CitizenMetz

Carbon Consciousness & Action

Archive for the category “Climate Change”

What Plug-in Hybrid Sales Say About Our CO2 Emissions

What do the sales numbers of the Chevy Volt and the Ford Fusion Energi tell us about carbon reduction efforts in the United States?

In June, 2014, Chevrolet sold 1,777 of the 98 MPG Volts, compared to 26,008 for the comparably-sized 30 MPG Cruze.   Ford sold a record 1939 of the 88 MPG Ford Fusion Energis in June 2014, compared to 25,665 of the other 25 MPG Ford Fusion models. Read more…

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Do Gasoline Consumers Deserve a Free Pass?

While public pressure mounts on universities and pension funds to divest from oil companies because of their role in causing global warming, consumers that buy gas from the oil companies are getting a free pass.   As long as a person isn’t driving a large SUV or Hummer, his or her gasoline usage is considered beyond reproach.  No moral stigma is attached to filling the gas tank up on a weekly basis, even though those 15 gallons of gas are releasing about 300 pounds of CO2 into the atmosphere.

There are four main reasons why personal gas consumption is not negatively judged—the subtle nature of carbon pollution, the necessity of a car for modern life, the ubiquity and scale of the problem, and the fact that most of us are afraid of being branded as hypocrites with respect to our own carbon usage. Read more…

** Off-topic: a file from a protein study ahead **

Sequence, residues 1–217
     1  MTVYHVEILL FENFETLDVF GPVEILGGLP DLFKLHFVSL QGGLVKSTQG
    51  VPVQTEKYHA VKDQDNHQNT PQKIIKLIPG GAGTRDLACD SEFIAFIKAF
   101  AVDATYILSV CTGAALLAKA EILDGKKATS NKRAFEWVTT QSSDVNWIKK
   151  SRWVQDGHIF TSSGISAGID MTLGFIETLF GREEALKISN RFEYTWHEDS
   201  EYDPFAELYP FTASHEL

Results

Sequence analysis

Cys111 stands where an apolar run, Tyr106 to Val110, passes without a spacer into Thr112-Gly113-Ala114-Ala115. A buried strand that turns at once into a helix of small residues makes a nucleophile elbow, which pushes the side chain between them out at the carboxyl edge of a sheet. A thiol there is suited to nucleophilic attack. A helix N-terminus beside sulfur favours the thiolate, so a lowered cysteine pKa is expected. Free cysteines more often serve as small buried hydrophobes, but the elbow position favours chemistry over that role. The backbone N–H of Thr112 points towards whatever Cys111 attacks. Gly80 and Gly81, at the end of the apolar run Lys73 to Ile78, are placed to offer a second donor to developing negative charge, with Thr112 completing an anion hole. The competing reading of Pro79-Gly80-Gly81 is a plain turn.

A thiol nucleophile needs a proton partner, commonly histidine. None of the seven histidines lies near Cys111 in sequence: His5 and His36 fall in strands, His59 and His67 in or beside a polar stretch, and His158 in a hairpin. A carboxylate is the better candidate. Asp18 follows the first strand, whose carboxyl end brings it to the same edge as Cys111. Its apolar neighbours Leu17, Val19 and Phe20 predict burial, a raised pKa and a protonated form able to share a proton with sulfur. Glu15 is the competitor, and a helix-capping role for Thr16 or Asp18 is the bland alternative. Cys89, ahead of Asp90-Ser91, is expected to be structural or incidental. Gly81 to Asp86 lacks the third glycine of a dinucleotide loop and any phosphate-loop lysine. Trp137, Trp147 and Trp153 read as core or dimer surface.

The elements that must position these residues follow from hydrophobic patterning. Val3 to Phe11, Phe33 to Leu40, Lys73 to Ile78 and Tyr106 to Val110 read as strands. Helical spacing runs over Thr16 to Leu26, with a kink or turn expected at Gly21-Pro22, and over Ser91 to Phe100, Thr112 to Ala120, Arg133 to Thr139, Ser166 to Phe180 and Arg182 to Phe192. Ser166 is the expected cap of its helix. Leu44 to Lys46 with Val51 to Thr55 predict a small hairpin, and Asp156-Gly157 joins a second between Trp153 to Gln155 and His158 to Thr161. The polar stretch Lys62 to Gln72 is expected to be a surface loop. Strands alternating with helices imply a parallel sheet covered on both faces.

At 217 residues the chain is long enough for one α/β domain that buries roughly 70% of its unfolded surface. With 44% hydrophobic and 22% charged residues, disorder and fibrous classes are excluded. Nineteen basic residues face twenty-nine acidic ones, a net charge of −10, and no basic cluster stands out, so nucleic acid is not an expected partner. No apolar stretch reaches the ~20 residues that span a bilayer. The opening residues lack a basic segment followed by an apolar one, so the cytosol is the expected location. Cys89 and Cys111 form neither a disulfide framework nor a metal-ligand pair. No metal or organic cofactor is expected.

Carbon Education for Consumers

Strategies for reducing global warming have focused mostly on stopping large oil infrastructure projects such as the Keystone XL pipeline, enacting carbon pricing strategies such as cap and trade, and promoting divestment from carbon extraction businesses.  Relatively little attention has been paid to effectively promoting voluntary carbon use reduction by American consumers, even though changing consumer carbon usage patterns holds the potential for enormous carbon emissions reductions.   On a per capita basis, Americans emit 17 metric tons (37,000 pounds) of CO2 per capita, roughly twice the European Union average and eight times as much as the Brazilian average.

The majority of Americans understand generally that it is important to conserve energy to help the environment, but lack the conceptual foundations to translate that notion into an understanding of personal CO2 emissions.  Consumers should be given the following basic conceptual tools to understand the volume of their carbon emissions: Using 1 gallon of gas releases 20 pounds of CO2 into the air; the 15 gallons in your car’s gas tank will spew 300 pounds of CO2;  1 kilowatt hour of electricity equals 2 pounds of CO2; 1 airplane mile = 1 pound of CO2.  A firm understanding these basic equivalencies, driven home by repetition, will give people a way to measure, understand and evaluate their personal carbon output, and the output of others.    Read more…

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